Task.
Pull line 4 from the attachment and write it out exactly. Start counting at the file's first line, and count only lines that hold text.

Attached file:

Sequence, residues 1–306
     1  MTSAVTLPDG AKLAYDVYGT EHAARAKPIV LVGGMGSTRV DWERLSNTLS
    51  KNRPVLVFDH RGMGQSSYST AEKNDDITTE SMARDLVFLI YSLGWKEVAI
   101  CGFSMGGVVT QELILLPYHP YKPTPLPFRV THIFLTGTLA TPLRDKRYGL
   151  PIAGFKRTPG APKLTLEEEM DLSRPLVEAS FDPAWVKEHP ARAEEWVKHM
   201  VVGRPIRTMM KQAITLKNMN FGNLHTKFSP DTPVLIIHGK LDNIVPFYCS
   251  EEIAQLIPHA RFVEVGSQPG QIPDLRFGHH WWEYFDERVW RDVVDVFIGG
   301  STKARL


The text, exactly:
   101  CGFSMGGVVT QELILLPYHP YKPTPLPFRV THIFLTGTLA TPLRDKRYGL